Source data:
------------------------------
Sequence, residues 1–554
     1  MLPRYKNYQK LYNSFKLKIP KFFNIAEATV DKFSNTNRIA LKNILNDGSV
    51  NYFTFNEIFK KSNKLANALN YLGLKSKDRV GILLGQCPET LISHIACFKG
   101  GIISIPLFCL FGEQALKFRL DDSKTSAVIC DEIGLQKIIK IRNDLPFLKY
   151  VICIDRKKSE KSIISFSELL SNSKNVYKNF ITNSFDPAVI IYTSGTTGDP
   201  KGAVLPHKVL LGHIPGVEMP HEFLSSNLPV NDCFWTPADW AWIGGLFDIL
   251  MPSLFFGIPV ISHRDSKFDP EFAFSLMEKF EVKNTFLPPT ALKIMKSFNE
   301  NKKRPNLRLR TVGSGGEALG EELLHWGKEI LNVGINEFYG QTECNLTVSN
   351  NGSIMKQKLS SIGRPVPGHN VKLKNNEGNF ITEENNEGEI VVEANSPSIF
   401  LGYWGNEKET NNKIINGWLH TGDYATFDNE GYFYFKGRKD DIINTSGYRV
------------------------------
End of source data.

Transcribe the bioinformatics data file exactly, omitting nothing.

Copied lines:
Sequence, residues 1–554
     1  MLPRYKNYQK LYNSFKLKIP KFFNIAEATV DKFSNTNRIA LKNILNDGSV
    51  NYFTFNEIFK KSNKLANALN YLGLKSKDRV GILLGQCPET LISHIACFKG
   101  GIISIPLFCL FGEQALKFRL DDSKTSAVIC DEIGLQKIIK IRNDLPFLKY
   151  VICIDRKKSE KSIISFSELL SNSKNVYKNF ITNSFDPAVI IYTSGTTGDP
   201  KGAVLPHKVL LGHIPGVEMP HEFLSSNLPV NDCFWTPADW AWIGGLFDIL
   251  MPSLFFGIPV ISHRDSKFDP EFAFSLMEKF EVKNTFLPPT ALKIMKSFNE
   301  NKKRPNLRLR TVGSGGEALG EELLHWGKEI LNVGINEFYG QTECNLTVSN
   351  NGSIMKQKLS SIGRPVPGHN VKLKNNEGNF ITEENNEGEI VVEANSPSIF
   401  LGYWGNEKET NNKIINGWLH TGDYATFDNE GYFYFKGRKD DIINTSGYRV